Dr. David E. Ramírez, third assistant general overseer of the Church of God and liaison to Church of God educational ministries, also applauded Dr. Alexander’s life and ministry during the Spirit of Azusa Award presentation. “I commend you for your extraordinary effort and personal sacrifices to earn a superlative education,” Dr Ramirez stated, referring to her degrees from Howard University, Columbia University (New York), Wesley Theological Seminary, and The Catholic University of America.
Ramírez pointed to Alexander’s numerous publications including Women of Azusa Street, Dictionary of Pan-African Pentecostalism, The Letter to the Seven Churches, Black Fire: 100 Years of African American Pentecostalism, which won the Society for Pentecostal Studies Book of the Year Award, and Black Fire Reader: African American Pentecostal History in their Own Voice.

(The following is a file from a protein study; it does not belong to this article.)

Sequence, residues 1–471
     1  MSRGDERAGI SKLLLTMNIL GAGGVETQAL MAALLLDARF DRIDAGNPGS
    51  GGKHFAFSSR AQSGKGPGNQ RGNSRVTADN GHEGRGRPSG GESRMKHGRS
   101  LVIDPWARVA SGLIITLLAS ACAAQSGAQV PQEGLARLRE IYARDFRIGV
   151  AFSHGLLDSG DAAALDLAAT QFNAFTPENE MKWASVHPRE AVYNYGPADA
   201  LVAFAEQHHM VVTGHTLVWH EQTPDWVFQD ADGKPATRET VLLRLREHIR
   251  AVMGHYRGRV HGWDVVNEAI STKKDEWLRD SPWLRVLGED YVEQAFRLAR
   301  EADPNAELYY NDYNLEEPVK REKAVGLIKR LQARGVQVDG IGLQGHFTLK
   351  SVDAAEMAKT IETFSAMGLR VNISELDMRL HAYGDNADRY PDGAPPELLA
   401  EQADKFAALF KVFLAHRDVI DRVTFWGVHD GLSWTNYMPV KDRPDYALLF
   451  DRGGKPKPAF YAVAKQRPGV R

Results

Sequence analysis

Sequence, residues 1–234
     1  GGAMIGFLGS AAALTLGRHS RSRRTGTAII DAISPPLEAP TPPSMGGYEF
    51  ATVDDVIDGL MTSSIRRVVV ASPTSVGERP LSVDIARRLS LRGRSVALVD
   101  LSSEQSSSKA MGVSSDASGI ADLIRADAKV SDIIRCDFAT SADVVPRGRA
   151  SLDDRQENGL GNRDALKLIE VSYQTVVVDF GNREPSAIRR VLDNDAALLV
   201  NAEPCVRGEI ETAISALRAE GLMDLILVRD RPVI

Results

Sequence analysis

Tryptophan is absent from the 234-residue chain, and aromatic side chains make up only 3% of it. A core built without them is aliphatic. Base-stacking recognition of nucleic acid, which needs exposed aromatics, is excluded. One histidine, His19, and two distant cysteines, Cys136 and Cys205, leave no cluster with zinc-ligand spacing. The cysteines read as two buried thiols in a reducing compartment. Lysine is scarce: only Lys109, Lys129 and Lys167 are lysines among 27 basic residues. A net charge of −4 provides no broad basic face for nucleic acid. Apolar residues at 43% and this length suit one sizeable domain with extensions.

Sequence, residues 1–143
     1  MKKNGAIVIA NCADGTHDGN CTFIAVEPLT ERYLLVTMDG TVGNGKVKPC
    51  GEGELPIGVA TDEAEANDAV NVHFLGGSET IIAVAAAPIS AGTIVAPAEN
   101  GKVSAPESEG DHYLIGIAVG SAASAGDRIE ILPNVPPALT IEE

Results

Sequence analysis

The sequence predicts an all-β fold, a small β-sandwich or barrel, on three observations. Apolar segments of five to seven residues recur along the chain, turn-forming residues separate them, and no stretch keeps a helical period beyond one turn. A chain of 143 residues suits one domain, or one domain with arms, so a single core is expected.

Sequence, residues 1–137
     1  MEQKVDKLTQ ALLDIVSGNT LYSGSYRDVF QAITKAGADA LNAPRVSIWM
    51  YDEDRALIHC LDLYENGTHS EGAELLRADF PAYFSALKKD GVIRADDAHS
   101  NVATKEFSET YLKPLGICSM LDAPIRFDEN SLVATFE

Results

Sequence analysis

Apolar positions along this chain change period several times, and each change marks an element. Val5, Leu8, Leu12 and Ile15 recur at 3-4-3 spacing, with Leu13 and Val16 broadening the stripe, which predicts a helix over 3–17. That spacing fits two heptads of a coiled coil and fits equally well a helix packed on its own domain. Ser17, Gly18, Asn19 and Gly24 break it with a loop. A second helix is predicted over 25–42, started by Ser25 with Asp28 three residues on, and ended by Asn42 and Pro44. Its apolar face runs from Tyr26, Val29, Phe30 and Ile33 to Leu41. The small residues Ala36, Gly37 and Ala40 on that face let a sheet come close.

Ramírez emphasized Alexander’s service to the academy as a Professor of Theology at Regent University and adjunct professor at numerous universities and seminaries such as Virginia Union University, Seattle Pacific University, Wesley Theological Seminary, Trinity College, and Pentecostal Theological Seminary in Cleveland, Tennessee. He also underscored her commitment to provide educational opportunities to underserved communities as president of the William Joseph Seymour Foundation. Finally, he thanked Alexander for her service as a member of the Church of God General Board of Education.